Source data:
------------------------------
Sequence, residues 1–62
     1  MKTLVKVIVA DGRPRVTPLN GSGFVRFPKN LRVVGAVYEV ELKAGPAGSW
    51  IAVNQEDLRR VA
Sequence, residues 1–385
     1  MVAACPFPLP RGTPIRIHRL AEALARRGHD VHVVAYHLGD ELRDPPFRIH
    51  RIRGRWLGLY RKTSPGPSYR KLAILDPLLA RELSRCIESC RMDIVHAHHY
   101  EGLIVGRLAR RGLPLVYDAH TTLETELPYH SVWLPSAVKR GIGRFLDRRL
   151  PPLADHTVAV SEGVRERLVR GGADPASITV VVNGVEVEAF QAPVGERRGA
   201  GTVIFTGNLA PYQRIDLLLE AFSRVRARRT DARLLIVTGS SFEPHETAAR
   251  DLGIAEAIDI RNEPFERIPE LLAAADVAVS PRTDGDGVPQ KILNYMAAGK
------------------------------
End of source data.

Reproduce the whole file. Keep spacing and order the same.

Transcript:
Sequence, residues 1–62
     1  MKTLVKVIVA DGRPRVTPLN GSGFVRFPKN LRVVGAVYEV ELKAGPAGSW
    51  IAVNQEDLRR VA
Sequence, residues 1–385
     1  MVAACPFPLP RGTPIRIHRL AEALARRGHD VHVVAYHLGD ELRDPPFRIH
    51  RIRGRWLGLY RKTSPGPSYR KLAILDPLLA RELSRCIESC RMDIVHAHHY
   101  EGLIVGRLAR RGLPLVYDAH TTLETELPYH SVWLPSAVKR GIGRFLDRRL
   151  PPLADHTVAV SEGVRERLVR GGADPASITV VVNGVEVEAF QAPVGERRGA
   201  GTVIFTGNLA PYQRIDLLLE AFSRVRARRT DARLLIVTGS SFEPHETAAR
   251  DLGIAEAIDI RNEPFERIPE LLAAADVAVS PRTDGDGVPQ KILNYMAAGK